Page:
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Features of the development of divergent thinking

With great disappointment, psychologists unanimously note that the tasks that modern traditional education offers to students in 70% of cases require only mechanical reproduction of the learned material. At the same time, psychologists do not question at all the unconditional utility of the knowledge, proven by time and accumulated by the experience of all humanity.

                                               The disappointment is caused by the fact that in such a way schoolchildren develop only one type of thinking, while they need two to make their own decisions. What types of thinking are we talking about here?

About forty years ago, the psychologist J. Guilford suggested distinguishing between convergent and divergent thinking. The thinking with the help of which a person must find the only correct answer to the question he called convergent.

Such thinking is required, for example, if you ask:

• What time is it now?

• How many days, weeks and months are there in a year?

• What is the capital of a country?

• What is written in the job description?

• How to drive?

• How old are you?

• What is the name of your place of work?

Convergent thinking operates:

• historical dates;

• mathematical formulas;

• cooking recipes;

• safety instructions;

and helps us orient ourselves in a uniform, repetitive and predictable life and professional situation.

Convergent thinking is developed due to the ability to investigate the facts thoroughly. In order to use your convergent thinking, it is enough to learn how to consistently ask questions like:

• Who?

• What?

• When?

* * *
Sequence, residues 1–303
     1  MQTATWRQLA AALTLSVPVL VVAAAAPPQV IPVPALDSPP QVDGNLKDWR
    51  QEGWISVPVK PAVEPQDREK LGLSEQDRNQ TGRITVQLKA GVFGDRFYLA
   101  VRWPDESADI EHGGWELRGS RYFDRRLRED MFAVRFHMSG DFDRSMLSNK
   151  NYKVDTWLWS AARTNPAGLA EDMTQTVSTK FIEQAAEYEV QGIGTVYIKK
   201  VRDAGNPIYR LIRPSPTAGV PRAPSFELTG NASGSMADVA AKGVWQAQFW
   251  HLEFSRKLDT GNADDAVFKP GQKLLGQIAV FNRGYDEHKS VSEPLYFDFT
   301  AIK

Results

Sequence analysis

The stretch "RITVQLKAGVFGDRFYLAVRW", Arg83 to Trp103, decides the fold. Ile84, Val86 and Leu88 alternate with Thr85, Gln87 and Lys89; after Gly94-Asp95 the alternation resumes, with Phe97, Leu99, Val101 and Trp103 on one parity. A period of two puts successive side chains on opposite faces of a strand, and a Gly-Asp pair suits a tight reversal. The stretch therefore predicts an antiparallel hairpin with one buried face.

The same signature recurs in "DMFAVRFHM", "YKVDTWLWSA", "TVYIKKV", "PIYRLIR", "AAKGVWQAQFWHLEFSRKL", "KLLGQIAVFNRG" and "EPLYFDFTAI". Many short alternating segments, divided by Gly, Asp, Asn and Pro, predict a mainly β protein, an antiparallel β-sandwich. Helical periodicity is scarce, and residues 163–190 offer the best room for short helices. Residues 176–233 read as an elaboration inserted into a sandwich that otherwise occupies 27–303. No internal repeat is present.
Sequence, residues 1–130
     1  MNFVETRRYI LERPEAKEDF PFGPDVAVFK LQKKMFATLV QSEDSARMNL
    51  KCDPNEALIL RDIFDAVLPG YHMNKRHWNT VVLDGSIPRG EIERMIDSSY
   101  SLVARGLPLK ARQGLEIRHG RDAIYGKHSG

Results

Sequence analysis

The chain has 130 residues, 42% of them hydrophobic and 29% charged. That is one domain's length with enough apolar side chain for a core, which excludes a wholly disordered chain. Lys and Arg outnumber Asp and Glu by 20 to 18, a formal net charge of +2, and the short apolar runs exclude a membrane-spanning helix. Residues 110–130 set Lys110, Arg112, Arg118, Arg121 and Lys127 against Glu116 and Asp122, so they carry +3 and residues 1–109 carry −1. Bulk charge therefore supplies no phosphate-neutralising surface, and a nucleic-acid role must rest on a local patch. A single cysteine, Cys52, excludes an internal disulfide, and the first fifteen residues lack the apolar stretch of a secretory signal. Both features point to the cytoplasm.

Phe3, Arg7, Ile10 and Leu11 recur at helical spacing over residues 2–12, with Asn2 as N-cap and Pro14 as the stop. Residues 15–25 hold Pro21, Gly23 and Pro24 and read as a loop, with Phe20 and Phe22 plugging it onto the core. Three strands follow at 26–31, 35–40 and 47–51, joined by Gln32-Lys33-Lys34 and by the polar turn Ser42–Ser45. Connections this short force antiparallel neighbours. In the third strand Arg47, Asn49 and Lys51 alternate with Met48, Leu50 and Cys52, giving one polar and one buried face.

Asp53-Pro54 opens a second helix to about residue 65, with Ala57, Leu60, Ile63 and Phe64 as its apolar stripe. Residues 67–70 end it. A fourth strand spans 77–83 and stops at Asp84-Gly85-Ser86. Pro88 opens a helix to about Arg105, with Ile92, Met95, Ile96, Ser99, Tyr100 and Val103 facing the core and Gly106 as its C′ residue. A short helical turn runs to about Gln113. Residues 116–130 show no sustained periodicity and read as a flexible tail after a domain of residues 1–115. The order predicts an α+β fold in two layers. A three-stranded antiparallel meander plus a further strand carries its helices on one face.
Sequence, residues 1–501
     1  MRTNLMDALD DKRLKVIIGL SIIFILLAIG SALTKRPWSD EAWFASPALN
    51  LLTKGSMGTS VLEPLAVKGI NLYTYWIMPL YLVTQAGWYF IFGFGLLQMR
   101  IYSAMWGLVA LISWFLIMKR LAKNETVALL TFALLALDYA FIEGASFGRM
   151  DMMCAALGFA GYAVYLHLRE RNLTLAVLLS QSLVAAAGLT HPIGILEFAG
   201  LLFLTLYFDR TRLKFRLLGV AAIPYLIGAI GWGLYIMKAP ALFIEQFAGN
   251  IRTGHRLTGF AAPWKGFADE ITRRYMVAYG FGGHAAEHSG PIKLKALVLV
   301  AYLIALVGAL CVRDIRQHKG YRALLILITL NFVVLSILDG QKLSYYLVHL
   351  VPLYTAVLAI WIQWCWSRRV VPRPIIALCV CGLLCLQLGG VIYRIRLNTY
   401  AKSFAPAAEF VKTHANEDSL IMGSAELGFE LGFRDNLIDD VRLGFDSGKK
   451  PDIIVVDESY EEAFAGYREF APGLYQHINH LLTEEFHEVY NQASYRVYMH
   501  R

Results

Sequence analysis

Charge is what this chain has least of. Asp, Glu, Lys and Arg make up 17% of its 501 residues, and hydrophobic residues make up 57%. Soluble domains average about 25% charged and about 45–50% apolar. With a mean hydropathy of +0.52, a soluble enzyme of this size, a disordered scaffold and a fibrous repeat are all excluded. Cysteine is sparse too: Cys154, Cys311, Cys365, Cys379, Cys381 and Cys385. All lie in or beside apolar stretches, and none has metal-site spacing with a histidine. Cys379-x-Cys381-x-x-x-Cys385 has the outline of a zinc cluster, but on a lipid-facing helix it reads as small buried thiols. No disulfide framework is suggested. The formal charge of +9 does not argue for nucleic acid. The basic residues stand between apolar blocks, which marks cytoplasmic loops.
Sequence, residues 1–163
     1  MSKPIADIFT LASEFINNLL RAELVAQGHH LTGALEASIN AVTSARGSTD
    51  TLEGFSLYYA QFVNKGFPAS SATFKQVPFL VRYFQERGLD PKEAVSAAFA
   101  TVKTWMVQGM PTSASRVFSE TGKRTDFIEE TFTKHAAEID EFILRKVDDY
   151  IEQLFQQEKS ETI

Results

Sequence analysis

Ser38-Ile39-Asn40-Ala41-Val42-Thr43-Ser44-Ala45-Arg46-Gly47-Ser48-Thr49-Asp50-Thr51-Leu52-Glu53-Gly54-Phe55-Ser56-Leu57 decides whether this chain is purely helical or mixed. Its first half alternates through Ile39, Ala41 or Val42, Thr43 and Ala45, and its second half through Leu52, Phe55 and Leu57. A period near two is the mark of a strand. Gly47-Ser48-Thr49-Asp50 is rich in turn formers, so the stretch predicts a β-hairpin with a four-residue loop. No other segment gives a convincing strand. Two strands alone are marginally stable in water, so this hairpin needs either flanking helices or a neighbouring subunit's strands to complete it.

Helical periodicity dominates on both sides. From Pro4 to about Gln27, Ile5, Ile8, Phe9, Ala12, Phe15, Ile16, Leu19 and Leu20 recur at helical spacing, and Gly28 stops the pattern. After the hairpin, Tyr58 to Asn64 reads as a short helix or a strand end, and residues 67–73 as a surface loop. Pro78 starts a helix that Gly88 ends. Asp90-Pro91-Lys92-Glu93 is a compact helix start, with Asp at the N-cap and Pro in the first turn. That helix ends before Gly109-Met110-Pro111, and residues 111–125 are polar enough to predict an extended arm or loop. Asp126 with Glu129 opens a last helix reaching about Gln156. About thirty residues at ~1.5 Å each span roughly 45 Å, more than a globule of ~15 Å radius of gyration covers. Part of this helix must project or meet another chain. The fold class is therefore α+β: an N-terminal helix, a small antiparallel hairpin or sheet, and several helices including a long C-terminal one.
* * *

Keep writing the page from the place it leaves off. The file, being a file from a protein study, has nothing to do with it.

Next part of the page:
• Where?

• Why?

For example, for the development of convergent thinking in children, they are offered to answer these questions after reading a book or watching a movie. It is easy to see that convergent thinking is aimed at reproducing the knowledge gained, and the more successful it is, the more accurately this knowledge is learned.

Divergent thinking allows one to choose several relatively equally correct answers. Nowadays diverse and highly turbulent environment requires a person's willingness to increasingly turn to divergent thinking.

Here is the most modest list of situations where decision making based on convergent thinking is obviously not effective:

• finding ways to reduce costs,

• choice of place and way of rest,

• career planning,

• child bringing up,

• relations with the authorities,

• writing an article,

• problem statement,

• personality characteristics,

• use of multi-functional items.

Only divergent thinking here can act as a reliable assistant.

Techniques that develop a divergent mind

So, it is clear that the peculiarities of the development of divergent thinking do not allow us to hope that it will be developed simultaneously with the assimilation of knowledge.

These features include:

• ability to operate with acquired knowledge in a situation of uncertainty,

• skills to generate different approaches to the task,

• understanding that the same problem can be solved in different ways,

• the ability to distinguish tasks with the only correct solution and tasks that allow the choice of the optimal solution from several equally correct ones.

The development of divergent thinking in adults and children, in general, involves the same techniques and methods. For example, the following exercises will be useful for both adults and children.

"If I were you". When solving a problem, try to look at it with the eyes of other people and imagine how these people would solve it. It is important not just to be in a different role, but to understand the difference between your view and the view of those whose role you are currently playing. Let it be different personalities and persons - the characters of your favorite books and films, your relatives and friends, colleagues and rivals. Talking with those who are very different from you, try to follow the logic of his reasoning, to understand why he thinks so. In short words, learn to look at the situation from different points of view and think like another person.